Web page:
After maybe one power cut of more than five minutes that I can recall while living in the UK and Ireland for thirteen years, I’ve had two in just over three weeks of living in Westport.
To be sure, the vehemence of the storms has been impressive….at least, that’s what my wife tells me, as I’ve slept through both of them. (Imagine my consternation at being awoken from a late afternoon nap with the wife shaking me, shouting “Quick! There’s a tornado outside! Come with me!”)
But given the volume of broken tree limbs and downed power lines, it’s clear that this wasn’t a run of the mill bit of thunder’n’lightning that happens maybe once or twice a year in Britain. No, here in America, we make our storms like we make our cars: big, noisy, and apt to cause a lot of damage.
All of which leads one to wonder why they don’t put the bloody power lines under ground rather then suspending them precariously from pole to pole. Could it be the level of the water table? Unlikely. The UK and Ireland are both islands, after all, and I don’t recall seeing above ground power lines every which way you look.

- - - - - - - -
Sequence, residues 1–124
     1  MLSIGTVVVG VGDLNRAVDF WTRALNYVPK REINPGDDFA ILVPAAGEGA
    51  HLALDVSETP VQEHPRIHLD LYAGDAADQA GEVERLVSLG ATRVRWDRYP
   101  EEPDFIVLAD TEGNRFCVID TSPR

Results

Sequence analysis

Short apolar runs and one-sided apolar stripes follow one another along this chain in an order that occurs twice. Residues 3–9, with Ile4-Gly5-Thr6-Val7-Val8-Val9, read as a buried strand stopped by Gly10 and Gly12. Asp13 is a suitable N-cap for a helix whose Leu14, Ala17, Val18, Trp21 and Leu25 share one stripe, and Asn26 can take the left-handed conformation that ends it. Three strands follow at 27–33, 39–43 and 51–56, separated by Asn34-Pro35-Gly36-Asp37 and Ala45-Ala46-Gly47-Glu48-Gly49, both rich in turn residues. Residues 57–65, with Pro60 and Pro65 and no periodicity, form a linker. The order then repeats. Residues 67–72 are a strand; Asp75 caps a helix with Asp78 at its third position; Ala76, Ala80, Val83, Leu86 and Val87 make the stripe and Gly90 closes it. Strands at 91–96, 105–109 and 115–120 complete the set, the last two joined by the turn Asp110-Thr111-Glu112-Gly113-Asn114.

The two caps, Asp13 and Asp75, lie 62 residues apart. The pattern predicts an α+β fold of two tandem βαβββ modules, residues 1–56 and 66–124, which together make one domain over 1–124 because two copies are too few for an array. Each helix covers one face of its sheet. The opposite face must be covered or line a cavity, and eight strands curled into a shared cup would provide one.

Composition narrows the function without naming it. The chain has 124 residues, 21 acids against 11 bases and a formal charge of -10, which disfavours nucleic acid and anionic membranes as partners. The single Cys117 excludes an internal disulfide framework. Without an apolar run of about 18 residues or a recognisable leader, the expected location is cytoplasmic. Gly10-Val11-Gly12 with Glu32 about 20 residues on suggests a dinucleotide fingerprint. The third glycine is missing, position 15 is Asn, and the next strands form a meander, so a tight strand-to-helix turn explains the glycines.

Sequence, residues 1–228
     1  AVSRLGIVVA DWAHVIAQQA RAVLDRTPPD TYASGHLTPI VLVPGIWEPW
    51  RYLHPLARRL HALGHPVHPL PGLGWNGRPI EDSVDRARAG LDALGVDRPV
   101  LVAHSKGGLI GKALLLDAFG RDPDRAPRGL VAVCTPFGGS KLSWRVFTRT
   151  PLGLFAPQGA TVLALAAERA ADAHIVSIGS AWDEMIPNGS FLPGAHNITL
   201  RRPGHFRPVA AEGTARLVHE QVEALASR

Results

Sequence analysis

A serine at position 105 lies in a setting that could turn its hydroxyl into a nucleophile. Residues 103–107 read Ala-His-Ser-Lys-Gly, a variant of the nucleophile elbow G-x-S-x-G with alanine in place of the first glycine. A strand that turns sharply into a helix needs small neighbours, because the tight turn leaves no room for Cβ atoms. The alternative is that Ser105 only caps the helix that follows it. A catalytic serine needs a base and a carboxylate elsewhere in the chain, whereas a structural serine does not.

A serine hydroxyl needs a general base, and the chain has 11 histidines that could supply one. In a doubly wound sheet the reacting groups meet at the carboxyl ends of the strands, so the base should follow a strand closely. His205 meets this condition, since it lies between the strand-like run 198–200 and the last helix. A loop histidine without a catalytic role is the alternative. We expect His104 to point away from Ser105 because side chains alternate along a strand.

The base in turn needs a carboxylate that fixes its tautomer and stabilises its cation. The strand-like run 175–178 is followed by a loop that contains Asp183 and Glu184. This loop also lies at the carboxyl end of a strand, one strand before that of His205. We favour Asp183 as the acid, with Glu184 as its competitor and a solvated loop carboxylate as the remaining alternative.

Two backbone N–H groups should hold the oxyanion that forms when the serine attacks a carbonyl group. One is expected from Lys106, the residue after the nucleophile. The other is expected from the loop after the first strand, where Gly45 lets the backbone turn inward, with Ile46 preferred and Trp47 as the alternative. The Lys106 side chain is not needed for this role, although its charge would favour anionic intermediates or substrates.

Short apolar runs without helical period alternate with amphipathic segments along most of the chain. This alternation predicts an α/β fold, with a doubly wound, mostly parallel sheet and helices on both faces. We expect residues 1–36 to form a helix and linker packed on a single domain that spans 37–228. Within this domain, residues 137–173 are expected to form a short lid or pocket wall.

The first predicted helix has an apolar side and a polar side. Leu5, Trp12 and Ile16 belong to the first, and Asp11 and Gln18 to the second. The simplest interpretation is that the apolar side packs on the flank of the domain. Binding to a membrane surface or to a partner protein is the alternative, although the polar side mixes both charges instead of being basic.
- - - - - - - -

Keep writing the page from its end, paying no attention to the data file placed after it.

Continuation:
To be sure, this manner of distributing power is the norm in Japan. But then again, they have the odd earthquake or two round there, which makes keeping the lines below ground a bit more problematic. I’m assuming that the real answer is “that’s the way we’ve always done it”, and that given current population levels the cost of sinking power lines would just be too prohibitive. Ugh.
In fairness, the electric company did have guys working round the clock to repair downed lines. I know this because some 32 hours after the power first went out, we had a crew chainsawing tree branches and using noisy machinery outside our bedroom window at 3 am.
Hard to imagine Southern Electric or EDF doing that.
Sadly, our phone lines are still screwed up. Oh, we can make outgoing calls just fine. But try to ring our house, and you get cut off before you’re connected. You’d think that AT&T would be able to fix this reasonably promptly…but oh no. They’re strictly a 9-5, 5 days a week crowd round there.
Particularly galling when I rang to report the problem is that they start telling me how much it would cost to fix…$85 for the first half hour, $50 per half hour thereafter. WTF?!?! One might have reasonably thought that repairing a dodgy line two weeks after connection might be a basic tenet of the service, but I am swiftly learning that nothing is free in America.
It’s almost enough to make me miss those lovable rogues at BT….